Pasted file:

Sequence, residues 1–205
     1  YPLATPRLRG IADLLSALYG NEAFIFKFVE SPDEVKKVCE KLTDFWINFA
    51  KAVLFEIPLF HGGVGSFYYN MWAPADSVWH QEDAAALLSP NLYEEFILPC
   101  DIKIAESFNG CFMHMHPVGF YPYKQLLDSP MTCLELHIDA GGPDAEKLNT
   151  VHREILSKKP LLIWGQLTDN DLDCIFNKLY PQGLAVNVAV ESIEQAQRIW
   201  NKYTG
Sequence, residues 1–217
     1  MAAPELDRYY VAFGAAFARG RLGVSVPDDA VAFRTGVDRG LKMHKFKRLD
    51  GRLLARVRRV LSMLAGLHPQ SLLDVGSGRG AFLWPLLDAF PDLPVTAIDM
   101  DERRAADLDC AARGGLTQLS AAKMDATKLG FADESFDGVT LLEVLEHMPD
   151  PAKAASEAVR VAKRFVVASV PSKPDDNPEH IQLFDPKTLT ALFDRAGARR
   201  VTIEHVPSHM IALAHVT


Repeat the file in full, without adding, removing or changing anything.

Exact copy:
Sequence, residues 1–205
     1  YPLATPRLRG IADLLSALYG NEAFIFKFVE SPDEVKKVCE KLTDFWINFA
    51  KAVLFEIPLF HGGVGSFYYN MWAPADSVWH QEDAAALLSP NLYEEFILPC
   101  DIKIAESFNG CFMHMHPVGF YPYKQLLDSP MTCLELHIDA GGPDAEKLNT
   151  VHREILSKKP LLIWGQLTDN DLDCIFNKLY PQGLAVNVAV ESIEQAQRIW
   201  NKYTG
Sequence, residues 1–217
     1  MAAPELDRYY VAFGAAFARG RLGVSVPDDA VAFRTGVDRG LKMHKFKRLD
    51  GRLLARVRRV LSMLAGLHPQ SLLDVGSGRG AFLWPLLDAF PDLPVTAIDM
   101  DERRAADLDC AARGGLTQLS AAKMDATKLG FADESFDGVT LLEVLEHMPD
   151  PAKAASEAVR VAKRFVVASV PSKPDDNPEH IQLFDPKTLT ALFDRAGARR
   201  VTIEHVPSHM IALAHVT